Skidmore Professor of Government Flagg Taylor has just published a new book, The Great Lie, and it is, simply, magnificent.
Flagg has brought together in one volume three dozen essays on totatiltarianism in the twentieth century that prove profound, readable–and important. Carl Friedrich’s 1954 essay, “The Unique Character of a Totalitarian Society.” Vaclav Havel’s great 1978 work, “The Power of the Powerless.” Eric Voegelin’s 1953 essay, “The Origins of Totalitarianism.” Hannah Arendt’s 1954 study, “Ideology and Terror: A Novel Form of Government.” Aleksandr Solzhenitsyn’s 1975 work, “Our Muzzled Freedom.”
The Great Lie represents scholarship of the highest order: Flagg has given us the benefit of his own wide reading, putting in a single volume what every American needs to know. Nazism and Communism really were something new and distinctive in human history, yet at the same time they represent horrors that could recur–anywhere. As Solzhenitsyn says in a quotation that Flagg prints on the frontispiece:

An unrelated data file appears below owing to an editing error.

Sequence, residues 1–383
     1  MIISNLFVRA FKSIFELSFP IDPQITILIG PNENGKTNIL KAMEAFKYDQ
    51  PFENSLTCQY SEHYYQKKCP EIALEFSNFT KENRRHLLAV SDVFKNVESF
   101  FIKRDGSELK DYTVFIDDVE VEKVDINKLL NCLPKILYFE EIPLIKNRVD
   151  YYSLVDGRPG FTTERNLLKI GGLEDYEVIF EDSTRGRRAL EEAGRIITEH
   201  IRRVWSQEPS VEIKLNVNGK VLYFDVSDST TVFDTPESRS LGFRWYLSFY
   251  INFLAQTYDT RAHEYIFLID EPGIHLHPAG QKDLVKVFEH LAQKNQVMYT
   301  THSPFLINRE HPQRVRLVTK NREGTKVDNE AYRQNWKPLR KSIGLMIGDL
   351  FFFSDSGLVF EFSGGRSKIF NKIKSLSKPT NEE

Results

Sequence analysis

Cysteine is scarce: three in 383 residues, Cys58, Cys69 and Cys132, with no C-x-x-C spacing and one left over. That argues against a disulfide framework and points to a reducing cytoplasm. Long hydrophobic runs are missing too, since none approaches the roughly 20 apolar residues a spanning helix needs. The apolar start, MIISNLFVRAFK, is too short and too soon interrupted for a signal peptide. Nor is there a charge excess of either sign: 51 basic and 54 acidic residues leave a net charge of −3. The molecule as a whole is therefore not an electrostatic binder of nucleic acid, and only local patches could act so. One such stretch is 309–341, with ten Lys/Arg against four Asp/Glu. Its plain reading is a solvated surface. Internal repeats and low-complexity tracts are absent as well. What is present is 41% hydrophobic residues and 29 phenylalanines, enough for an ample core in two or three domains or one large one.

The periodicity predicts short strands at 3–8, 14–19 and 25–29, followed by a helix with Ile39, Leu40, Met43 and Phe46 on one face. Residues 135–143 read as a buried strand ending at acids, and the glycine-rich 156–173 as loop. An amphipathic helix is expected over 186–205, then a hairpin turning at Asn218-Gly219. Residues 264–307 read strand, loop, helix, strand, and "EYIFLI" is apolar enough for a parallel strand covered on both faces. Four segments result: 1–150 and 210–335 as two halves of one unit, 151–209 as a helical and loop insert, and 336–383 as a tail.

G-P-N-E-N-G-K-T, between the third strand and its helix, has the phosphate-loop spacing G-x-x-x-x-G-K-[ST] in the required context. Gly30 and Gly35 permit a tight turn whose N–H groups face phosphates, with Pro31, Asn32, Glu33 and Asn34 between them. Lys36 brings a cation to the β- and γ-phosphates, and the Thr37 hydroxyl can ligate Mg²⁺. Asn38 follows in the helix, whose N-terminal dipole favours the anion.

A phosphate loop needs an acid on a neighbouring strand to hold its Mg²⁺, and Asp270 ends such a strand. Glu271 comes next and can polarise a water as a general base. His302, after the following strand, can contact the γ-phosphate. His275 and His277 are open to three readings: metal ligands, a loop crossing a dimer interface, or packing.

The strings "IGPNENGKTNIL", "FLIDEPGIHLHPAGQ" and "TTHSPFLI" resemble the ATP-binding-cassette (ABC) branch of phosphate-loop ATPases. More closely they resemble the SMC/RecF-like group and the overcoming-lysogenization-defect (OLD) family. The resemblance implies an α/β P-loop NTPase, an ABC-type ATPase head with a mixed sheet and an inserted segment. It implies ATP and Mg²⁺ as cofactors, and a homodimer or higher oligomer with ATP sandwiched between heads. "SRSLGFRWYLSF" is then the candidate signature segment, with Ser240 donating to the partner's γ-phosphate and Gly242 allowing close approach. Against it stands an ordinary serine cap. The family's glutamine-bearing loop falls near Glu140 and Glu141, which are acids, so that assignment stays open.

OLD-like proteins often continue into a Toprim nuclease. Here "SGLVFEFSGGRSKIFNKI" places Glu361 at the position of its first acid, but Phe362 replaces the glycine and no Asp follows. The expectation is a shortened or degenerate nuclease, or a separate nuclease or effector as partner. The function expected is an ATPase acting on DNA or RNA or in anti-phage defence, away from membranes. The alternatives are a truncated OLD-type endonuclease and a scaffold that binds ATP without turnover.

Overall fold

There is always this fallacious belief: “It would not be the same here; here such things are impossible.” Alas, all the evil of the twentieth century is possible everywhere on earth.
If American academic institutions were truly intent on imparting to students the principal lessons of our civilization, then Flagg’s book would instantly appear on reading lists at colleges and universities throughout the country. But if you’re unwilling to count on modern academia, take matters into your own hands: Buy a few copies, then assign them to the students in your life yourself.
I get lots of books at my office–over the years, I’ve ended up on a lot of mailing lists at a lot of publishing houses. This book counts. And I’m all the happier to say so because, although here on Ricochet he goes by a pseudonym, Prof. Taylor is one of us.
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